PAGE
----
Paolo Fresu's Songlines/Night & Blue is a beautiful performance by a musician who does not feel compelled to prove himself with pyrotechnics. Instead, on this two-disc set, the Italian trumpeter prefers speaking his piece with lush melodies and a rich full horn sound, supported by an exceptional quartet. Being an Italian album, it seems appropriate to use a few musical terms. The entire affair, around 140 minutes in length, is taken sostenuto (smoothly), with a pace that slides between adagio (slowly) and andante (walking), but never goes much faster than that. But this down-tempo consistency should not be confused with sloth. Everything here is tightly played, with some real intensity from the musicians; it's just not going to wake the neighbors with frenetic thunder.
Richard Wagner's reputation rests on his tetralogy, Der Ring des Nibelungen, and the other music dramas he created, including Lohengrin, Tannhäuser, Tristan und Isolde, Die Meistersinger von Nürnberg, and Parsifal, which revolutionized all aspects of late Romantic music and left their mark on modern music as well. Yet there is a small body of non-operatic works that shows a more relaxed Wagner working on a much smaller scale: his Siegfried Idyll for chamber orchestra, a group of songs, and a collection of pieces for piano. This double CD by Pier Paolo Vincenzi presents Wagner's complete piano music with three sonatas, a large-scale fantasia, and eleven short pieces that show the composer's attempts at finding a more personal and intimate voice.
The Marriage of Figaro, as this elegant 1994 production brilliantly reminds us, was a French bedroom comedy before it became a Mozart opera. It is a classic of French literature, and it is still enjoyable as a spoken play after more than two centuries of existence. Its literary quality gives this production a special flavor. The music–some of Mozart's finest–is beautifully presented by a carefully chosen international cast (including Giovanni Furlanetto, Elzbieta Szymtka, Janice Watson, and Ludovic Tezier), but what sets this production apart is its theatrical flavor, cultivated by a director who is an expert on classic French theater. The standards of spoken theater are upheld in timing, body language, the inflection of punch lines. These qualities are more important here than in most operas; style is both crucial and elusive. Fortunately, the Opera de Lyon, one of most imaginative companies in Europe, shows an impressive sense of style. (Joe McLellan)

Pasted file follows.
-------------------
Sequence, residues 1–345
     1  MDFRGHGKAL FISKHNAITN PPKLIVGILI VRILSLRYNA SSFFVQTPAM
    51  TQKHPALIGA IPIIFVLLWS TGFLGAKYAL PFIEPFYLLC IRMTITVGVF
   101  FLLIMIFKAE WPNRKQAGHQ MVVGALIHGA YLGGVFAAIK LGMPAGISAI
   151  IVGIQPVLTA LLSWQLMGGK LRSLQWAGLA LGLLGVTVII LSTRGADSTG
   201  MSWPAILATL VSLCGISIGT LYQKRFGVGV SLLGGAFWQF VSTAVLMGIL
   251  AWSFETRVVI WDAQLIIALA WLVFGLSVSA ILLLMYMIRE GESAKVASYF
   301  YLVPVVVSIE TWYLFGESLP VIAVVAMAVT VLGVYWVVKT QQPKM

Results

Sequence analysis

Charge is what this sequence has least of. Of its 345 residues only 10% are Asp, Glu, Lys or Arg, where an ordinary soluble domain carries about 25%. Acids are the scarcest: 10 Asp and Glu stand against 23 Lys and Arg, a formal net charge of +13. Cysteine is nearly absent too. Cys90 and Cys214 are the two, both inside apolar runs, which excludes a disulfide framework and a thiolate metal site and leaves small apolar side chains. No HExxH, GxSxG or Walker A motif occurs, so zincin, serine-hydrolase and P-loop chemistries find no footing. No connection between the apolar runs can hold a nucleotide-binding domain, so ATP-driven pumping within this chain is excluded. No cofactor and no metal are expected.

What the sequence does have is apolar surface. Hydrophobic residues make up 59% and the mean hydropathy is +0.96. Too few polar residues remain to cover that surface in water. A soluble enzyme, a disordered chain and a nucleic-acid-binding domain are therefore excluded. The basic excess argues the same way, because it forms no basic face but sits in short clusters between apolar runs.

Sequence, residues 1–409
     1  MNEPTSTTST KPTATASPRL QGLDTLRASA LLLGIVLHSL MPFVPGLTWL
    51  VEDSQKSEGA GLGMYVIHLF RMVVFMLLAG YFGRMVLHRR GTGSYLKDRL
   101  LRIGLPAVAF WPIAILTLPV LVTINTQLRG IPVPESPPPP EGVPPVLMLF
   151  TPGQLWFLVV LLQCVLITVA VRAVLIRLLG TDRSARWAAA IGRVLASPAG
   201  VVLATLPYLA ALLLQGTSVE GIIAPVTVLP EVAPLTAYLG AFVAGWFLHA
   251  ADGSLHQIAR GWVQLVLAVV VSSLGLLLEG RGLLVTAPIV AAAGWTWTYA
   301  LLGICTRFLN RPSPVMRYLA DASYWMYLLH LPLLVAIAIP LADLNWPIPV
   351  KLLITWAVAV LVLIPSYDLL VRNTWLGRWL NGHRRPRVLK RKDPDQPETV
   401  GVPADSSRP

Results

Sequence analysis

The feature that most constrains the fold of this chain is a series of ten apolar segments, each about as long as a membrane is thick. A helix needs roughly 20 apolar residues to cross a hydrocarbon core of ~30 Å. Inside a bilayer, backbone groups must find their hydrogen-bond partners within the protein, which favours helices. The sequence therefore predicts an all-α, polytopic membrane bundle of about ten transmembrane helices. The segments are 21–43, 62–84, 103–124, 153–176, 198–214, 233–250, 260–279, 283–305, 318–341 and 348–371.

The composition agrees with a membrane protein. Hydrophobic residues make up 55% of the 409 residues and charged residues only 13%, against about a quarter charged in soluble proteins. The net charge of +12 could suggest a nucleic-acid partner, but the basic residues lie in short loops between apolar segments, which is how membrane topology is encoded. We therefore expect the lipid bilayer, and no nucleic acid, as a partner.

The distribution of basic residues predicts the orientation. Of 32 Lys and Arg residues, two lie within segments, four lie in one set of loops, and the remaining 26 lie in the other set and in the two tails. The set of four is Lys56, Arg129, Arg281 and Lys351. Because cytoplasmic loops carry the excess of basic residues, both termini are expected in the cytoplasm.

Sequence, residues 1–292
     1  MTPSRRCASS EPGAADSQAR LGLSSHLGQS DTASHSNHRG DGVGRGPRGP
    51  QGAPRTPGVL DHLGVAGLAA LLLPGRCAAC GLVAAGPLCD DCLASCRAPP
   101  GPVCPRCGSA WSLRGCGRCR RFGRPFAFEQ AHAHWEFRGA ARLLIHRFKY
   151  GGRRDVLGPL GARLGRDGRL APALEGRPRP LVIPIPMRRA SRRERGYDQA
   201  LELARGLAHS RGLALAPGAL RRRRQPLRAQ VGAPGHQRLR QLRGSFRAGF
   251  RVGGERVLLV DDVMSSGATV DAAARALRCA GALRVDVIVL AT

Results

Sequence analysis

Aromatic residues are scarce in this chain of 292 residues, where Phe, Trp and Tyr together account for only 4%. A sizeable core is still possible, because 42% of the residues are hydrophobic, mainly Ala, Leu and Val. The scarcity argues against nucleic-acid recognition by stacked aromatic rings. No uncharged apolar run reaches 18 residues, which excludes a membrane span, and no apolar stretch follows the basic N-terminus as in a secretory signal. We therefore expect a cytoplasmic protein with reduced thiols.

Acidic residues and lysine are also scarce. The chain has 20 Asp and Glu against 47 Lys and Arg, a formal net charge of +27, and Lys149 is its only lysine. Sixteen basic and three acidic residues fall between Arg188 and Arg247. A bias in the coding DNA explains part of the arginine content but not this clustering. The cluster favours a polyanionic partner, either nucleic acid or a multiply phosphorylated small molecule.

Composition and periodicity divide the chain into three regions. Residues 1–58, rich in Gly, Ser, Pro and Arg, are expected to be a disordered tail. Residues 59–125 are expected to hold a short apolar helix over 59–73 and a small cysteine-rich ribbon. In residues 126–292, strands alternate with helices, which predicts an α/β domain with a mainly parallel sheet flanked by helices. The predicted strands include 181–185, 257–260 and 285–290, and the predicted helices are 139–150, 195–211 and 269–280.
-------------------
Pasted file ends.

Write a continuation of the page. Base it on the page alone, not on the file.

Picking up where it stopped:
For the first time under the direction of a foreigner, Paolo Damiani, the French orchestra explores themes related to the Mediterranean area. With the help of special guests Anouar Brahem and Gianluigi Trovesi, the Italian musical director offers musical landscapes that encompass the various aspects of the region. The album opens with a suite penned by Trovesi, which digs deep into the Italian musical tradition, but also incorporates more recent influences from the Middle East and Africa. With the brass instruments in the forefront, it is definitely the most colorful and animated segment of the disc.